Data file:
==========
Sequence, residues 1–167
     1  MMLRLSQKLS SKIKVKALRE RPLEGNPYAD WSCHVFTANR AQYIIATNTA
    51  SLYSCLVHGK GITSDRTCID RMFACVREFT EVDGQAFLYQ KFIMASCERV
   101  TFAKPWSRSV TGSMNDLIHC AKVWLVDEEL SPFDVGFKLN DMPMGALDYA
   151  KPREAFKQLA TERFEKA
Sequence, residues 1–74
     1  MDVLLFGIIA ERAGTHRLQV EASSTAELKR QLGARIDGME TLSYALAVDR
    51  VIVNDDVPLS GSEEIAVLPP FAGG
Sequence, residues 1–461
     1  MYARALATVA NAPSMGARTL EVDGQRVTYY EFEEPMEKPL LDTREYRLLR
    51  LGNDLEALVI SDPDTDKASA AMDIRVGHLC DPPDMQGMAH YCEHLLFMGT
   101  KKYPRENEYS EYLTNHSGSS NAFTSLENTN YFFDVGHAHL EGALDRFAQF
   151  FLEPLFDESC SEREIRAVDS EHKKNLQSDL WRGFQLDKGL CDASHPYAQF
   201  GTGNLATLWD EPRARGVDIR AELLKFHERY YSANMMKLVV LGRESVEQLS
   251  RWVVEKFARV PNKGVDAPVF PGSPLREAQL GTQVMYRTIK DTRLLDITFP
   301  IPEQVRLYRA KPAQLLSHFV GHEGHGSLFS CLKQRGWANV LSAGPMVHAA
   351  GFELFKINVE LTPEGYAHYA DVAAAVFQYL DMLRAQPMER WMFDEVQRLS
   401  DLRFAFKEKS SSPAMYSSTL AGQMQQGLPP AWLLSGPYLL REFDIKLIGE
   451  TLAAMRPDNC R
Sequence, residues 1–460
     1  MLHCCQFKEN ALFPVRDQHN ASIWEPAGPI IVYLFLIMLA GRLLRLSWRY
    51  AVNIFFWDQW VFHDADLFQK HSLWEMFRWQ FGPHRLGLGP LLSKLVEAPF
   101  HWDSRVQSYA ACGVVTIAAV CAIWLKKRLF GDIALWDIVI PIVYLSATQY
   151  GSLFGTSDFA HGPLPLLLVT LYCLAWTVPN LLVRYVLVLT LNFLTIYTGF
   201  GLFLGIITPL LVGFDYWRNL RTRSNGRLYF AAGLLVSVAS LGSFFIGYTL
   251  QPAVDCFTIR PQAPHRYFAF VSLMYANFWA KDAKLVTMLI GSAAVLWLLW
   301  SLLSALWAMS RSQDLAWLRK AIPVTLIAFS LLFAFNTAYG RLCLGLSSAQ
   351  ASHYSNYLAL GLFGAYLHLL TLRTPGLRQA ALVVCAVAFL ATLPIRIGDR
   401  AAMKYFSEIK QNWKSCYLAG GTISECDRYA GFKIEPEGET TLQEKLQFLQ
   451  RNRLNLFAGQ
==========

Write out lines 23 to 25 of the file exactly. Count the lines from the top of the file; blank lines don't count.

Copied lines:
   101  HWDSRVQSYA ACGVVTIAAV CAIWLKKRLF GDIALWDIVI PIVYLSATQY
   151  GSLFGTSDFA HGPLPLLLVT LYCLAWTVPN LLVRYVLVLT LNFLTIYTGF
   201  GLFLGIITPL LVGFDYWRNL RTRSNGRLYF AAGLLVSVAS LGSFFIGYTL